What Your Discounts Say to Customers


Discounts work. If you are a regular reader of this blog you will know that I often write about the value of special pricing, promotions, offers, and sales to drive interest and boost purchases.

However, there is an opposing view. And it would be unfair of us to ignore it entirely. Because as much as it’s true that discounts can work to increase revenue over certain time periods, over the long term they can (not always but in some cases) also have a negative impact on your business.

The following is an attempt to explain why – not to advise against the practice, but to spread awareness about the potential dangers of discounting strategies so that you know what to look for and when to change course.

Discounts and Your Brand

Use of discounts can affect your brand – that is, the impression that consumers have of your company. Some companies use discounts quite frequently. Others can afford never to offer discounted pricing.

Whether or not you use discounts does not determine what people think of your brand. However, when you use discounts often, you are signaling two things:

  1. The value your products or services provide may be less than one would assume at full price
  2. Consumers should never buy at full price because they can always wait for a bigger discount

Apple Never Discounts

When we think of consumer brands that do not discount, Apple is the first one that comes to mind. Apple has been able to build their success as more of a luxury brand. They have sustained a higher price point in the marketplace than most of their competitors.

One might argues that Apple would grow their dominance if they started offering lower prices. They might bring in more customers, and generate more revenue, with discounts and other promotions.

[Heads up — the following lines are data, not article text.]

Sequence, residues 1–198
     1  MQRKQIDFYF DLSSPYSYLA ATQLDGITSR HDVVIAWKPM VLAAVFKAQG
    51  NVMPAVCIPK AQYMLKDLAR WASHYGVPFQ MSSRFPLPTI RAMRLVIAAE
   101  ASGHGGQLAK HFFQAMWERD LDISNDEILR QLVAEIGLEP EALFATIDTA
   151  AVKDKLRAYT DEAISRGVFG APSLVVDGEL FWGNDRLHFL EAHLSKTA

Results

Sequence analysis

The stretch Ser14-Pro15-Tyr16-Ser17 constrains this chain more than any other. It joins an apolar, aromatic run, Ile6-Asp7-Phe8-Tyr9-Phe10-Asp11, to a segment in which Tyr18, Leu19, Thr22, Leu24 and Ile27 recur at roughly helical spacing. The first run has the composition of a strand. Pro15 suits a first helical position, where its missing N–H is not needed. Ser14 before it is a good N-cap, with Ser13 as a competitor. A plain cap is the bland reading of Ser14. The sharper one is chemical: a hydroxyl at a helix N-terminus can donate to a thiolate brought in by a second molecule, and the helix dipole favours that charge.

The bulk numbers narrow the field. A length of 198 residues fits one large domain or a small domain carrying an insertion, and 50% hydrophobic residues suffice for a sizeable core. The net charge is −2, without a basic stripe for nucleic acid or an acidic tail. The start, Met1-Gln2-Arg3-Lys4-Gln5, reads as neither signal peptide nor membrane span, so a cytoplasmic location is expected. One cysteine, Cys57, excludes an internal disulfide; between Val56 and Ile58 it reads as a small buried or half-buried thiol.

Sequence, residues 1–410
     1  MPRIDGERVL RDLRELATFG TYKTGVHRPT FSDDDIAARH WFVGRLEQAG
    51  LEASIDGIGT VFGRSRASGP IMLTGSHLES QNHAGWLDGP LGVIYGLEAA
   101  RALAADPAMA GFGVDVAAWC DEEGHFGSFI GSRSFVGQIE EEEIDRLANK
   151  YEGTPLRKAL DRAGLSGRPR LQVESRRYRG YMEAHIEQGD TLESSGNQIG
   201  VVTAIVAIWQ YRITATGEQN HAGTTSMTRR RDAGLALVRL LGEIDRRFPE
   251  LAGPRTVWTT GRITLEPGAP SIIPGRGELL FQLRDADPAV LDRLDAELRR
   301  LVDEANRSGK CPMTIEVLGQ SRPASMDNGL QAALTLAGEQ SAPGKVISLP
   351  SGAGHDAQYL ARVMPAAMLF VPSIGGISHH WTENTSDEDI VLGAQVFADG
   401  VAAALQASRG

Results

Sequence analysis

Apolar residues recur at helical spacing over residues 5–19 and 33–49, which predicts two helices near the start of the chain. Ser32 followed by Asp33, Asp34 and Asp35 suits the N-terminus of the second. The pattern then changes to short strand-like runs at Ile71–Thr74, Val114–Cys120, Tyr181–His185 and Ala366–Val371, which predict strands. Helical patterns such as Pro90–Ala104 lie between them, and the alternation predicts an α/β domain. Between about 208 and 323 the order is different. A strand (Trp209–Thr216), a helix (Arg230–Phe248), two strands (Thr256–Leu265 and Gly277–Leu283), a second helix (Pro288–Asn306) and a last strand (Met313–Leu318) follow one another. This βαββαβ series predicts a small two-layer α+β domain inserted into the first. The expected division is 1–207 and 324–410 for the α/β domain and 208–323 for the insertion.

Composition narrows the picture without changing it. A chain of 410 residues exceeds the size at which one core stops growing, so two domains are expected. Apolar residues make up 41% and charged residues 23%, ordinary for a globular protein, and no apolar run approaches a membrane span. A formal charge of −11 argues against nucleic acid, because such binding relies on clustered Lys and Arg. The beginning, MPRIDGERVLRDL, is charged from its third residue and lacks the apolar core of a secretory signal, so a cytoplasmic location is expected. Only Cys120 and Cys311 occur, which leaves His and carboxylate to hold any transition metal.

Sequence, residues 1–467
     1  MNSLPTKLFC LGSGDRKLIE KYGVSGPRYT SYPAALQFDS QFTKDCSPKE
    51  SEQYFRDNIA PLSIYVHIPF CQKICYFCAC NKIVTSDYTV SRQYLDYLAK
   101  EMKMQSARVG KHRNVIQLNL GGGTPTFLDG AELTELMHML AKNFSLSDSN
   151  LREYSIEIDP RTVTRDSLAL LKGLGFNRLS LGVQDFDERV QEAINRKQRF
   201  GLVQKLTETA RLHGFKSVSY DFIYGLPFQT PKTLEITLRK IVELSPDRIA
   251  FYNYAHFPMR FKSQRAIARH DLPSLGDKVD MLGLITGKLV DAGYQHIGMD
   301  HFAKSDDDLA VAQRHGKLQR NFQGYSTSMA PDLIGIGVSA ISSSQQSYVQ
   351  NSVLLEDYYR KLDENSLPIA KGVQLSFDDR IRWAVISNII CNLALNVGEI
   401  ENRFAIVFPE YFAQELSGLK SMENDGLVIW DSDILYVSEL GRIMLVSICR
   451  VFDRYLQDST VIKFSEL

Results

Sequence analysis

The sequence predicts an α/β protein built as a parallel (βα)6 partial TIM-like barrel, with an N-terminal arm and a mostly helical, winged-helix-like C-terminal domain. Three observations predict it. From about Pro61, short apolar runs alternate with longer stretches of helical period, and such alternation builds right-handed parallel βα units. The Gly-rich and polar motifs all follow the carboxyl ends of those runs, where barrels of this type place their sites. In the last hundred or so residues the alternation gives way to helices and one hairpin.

But Apple has made the active decision not to do this. Most likely, that is because they are afraid what that strategy might do to the brand that they have spent so long crafting. Price is not a part of the Apple value proposition. Instead, they are focused on creating quality products that are easy to use.

Walmart vs. JC Penney

Walmart and JC Penney are two brands that consumers will generally associate with low prices. Unlike Apple, these two retailers have actively chosen to compete on price. Price is a key part of each of their value proposition.

But, they each have a different strategy for offering lower prices. JC Penney uses a discount strategy, offering frequent sales to drive people into stores. Whereas Walmart offers what they call “Everyday Low Prices” – a way to distinguish themselves as offering the lowest prices, all the time.

In fact, in 2017 JC Penney’s new CEO chose to deploy a new pricing model which more resembled Walmart’s. Rather than offering frequent sales, they told their customers that they would now be offering the lowest prices available, all the time.

What happened? Consumers revolted, sales slumped, and the CEO was fired. And they have since gone back to the original, sales-driven model.

This demonstrates points #1 and 2 up top – when you use discounts to meet your sales goals, consumers will associate your brand with discounted pricing. This creates an expectation that will be difficult to break from.

Should You Offer Discounts?

To repeat, all of the above is not a reason not to offer discounts. But it is something that you have to consider when you start making discounting a part of your pricing strategy.

Discounts and other promotions can drive increased interest, traffic, and sales. But just like anything else, if you become too reliant on discounted pricing to grow your business, you run the risk of negative brand impact in the long term.

Will You Honor an Expired Coupon?

If you are a B2C company that runs any type of special offers, this is a common question that many businesses will hear from prospective customers-

“Will you honor an expired coupon?”

Or some version thereof. “The deadline was yesterday, can I still take advantage?” Or “I found this old offer code and it’s not working, is there a new one I can use?”